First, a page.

Female sex workers (FSWs) living with HIV face significant challenges in accessing HIV care and treatment services and, once started on antiretroviral treatment (ART), remaining in care and adhering to treatment. These challenges include difficulty in attending regular medical appointments because of time and cost constraints, providers’ stigmatizing attitudes, and poor service quality due to crowded ART clinics, long waiting times, and a lack of clinicians.
Project SOAR, in collaboration with the Linkages across the Continuum of HIV Services for Key Populations Affected by HIV (LINKAGES) Project led by FHI 360, and the University of Malawi, College of Medicine, are investigating the feasibility, acceptability, and effects of a community-based ART service delivery model using FSW-friendly drop-in-centers. This is a cohort study in which we will recruit approximately 200 FSWs living with HIV in the cities of Lilongwe and Mzuzu through LINKAGES HIV testing and counseling community outreach activities (mainly through “moonlight” testing events).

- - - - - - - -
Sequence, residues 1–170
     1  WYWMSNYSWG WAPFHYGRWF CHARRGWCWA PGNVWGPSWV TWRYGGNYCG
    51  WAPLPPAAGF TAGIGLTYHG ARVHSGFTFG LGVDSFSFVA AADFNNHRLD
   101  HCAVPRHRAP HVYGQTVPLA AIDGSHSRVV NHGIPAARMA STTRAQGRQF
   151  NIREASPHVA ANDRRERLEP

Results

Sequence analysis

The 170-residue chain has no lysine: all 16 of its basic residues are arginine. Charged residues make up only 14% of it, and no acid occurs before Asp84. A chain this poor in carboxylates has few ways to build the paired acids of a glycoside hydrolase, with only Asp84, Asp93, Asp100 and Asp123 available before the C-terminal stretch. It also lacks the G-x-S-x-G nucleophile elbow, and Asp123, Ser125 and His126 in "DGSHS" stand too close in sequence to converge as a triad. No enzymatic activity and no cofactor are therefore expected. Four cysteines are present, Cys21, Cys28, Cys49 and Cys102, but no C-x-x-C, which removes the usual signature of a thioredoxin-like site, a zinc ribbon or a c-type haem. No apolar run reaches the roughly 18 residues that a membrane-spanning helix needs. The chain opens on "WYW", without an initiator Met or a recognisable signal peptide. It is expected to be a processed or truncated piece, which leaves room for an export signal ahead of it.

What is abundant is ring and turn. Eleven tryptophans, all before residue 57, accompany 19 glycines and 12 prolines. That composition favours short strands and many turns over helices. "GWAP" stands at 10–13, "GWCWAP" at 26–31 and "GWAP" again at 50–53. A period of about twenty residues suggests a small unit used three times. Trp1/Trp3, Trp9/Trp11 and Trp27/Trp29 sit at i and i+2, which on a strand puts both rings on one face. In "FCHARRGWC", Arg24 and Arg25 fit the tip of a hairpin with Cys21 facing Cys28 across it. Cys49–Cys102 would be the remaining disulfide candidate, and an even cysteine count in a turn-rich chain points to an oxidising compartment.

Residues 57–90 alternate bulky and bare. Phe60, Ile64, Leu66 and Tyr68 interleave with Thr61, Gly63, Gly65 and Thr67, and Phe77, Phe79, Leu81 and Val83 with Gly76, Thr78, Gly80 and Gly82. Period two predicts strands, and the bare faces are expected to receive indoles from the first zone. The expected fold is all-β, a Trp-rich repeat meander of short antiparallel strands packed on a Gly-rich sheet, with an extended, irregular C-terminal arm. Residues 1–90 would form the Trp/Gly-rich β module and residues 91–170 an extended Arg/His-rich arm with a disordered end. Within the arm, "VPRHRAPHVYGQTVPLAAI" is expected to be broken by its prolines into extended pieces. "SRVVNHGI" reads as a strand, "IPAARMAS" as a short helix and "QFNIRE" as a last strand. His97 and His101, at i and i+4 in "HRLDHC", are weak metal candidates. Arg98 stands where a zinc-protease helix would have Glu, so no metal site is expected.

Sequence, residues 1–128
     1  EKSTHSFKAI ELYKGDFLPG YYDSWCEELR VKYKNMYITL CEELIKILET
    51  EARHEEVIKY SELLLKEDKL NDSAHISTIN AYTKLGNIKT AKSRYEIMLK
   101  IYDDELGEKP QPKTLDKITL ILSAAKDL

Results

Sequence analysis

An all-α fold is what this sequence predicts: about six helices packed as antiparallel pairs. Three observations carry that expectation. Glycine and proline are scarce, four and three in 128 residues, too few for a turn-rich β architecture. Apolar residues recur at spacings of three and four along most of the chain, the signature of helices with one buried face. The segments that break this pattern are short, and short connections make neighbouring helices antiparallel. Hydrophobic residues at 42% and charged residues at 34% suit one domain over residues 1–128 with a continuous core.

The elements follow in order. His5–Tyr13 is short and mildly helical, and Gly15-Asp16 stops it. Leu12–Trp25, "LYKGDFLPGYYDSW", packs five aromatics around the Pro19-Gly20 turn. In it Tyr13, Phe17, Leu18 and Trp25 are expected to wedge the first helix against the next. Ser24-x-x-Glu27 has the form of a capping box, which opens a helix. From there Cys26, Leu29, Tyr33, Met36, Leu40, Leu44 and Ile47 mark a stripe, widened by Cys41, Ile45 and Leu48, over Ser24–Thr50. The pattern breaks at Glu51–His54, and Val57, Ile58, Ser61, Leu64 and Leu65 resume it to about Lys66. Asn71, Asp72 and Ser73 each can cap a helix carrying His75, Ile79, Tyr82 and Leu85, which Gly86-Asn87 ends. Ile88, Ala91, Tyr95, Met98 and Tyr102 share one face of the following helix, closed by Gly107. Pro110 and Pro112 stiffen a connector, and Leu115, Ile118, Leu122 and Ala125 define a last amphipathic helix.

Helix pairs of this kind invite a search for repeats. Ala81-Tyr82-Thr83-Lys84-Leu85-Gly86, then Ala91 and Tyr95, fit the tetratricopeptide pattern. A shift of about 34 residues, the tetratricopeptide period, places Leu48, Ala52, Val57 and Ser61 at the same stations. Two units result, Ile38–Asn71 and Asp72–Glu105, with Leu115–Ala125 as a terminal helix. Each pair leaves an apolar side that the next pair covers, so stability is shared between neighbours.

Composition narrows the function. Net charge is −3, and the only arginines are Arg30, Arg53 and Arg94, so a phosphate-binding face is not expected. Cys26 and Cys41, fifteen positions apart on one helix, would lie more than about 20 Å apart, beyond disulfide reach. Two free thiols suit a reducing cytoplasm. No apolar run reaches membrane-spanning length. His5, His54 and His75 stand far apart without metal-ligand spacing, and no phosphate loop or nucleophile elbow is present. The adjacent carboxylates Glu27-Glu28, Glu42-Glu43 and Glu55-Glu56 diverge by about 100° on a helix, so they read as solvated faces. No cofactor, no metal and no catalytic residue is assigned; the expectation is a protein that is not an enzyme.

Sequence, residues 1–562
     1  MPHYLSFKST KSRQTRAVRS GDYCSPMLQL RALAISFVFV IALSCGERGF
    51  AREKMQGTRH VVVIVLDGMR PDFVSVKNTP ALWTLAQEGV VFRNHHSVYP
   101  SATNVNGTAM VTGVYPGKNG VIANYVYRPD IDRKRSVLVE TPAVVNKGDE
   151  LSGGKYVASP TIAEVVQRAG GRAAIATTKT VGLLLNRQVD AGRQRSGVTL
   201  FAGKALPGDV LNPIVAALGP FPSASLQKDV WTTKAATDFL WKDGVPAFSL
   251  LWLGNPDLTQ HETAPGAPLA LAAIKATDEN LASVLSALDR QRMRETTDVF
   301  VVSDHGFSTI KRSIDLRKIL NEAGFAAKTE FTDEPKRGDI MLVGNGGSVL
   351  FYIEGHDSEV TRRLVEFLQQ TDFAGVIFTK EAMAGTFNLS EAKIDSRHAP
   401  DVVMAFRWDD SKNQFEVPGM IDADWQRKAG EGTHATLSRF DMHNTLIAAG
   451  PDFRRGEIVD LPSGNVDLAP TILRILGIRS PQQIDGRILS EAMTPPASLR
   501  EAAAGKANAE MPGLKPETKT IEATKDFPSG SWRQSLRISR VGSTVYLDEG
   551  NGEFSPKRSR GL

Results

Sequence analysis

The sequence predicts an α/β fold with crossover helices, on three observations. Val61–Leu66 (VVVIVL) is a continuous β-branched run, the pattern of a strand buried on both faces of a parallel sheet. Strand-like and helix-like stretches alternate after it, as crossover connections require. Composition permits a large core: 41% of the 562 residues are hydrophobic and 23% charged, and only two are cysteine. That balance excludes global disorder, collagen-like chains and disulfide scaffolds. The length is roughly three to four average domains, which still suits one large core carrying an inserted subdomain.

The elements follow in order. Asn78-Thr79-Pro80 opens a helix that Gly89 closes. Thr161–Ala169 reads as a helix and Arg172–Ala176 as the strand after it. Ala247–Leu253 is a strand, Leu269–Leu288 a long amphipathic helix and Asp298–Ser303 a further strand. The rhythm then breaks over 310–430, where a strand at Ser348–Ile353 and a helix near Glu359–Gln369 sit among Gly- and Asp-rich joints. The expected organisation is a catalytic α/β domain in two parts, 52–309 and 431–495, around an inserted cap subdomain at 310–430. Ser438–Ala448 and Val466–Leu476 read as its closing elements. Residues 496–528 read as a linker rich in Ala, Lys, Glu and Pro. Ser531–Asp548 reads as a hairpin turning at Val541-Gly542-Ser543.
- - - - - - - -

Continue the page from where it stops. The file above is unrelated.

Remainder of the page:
FSW cohort participants will have the opportunity to choose one of two types of ART services to attend: (a) LINKAGES-supported, community-based drop-in centers operated by Pakachere or (b) mainstream government facilities in the catchment areas. Behavioral, psychosocial, and treatment-related outcomes will be measured at baseline and again after a 12-month period. Viral load measurements will be extracted from clinic records at 12 months. Qualitative interviews will be conducted at 12 months with a subsample of FSW cohort participants and intervention service providers to assess fidelity, acceptability, challenges, and successes of the community-based drop-in centers.
This study will generate and disseminate evidence of effective strategies to link and retain HIV-positive FSWs in care and treatment. Such evidence will help inform the government’s and U. S. President’s Emergency Plan for AIDS Relief’s strategy in Malawi.